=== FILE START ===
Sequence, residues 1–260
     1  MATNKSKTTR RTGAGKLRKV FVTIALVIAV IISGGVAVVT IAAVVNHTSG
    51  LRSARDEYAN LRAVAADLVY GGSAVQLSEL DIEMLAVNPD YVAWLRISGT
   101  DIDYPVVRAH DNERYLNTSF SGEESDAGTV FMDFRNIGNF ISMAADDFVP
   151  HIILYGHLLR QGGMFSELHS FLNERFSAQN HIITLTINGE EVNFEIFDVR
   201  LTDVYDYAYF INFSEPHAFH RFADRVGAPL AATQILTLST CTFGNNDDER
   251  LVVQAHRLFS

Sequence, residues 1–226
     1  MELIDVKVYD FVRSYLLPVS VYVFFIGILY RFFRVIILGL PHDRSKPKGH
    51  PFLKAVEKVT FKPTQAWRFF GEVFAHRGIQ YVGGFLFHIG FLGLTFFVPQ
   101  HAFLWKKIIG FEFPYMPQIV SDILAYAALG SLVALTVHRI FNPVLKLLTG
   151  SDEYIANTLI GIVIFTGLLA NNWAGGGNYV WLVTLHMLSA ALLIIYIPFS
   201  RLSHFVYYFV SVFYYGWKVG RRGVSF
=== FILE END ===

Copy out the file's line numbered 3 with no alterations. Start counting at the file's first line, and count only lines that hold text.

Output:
    51  LRSARDEYAN LRAVAADLVY GGSAVQLSEL DIEMLAVNPD YVAWLRISGT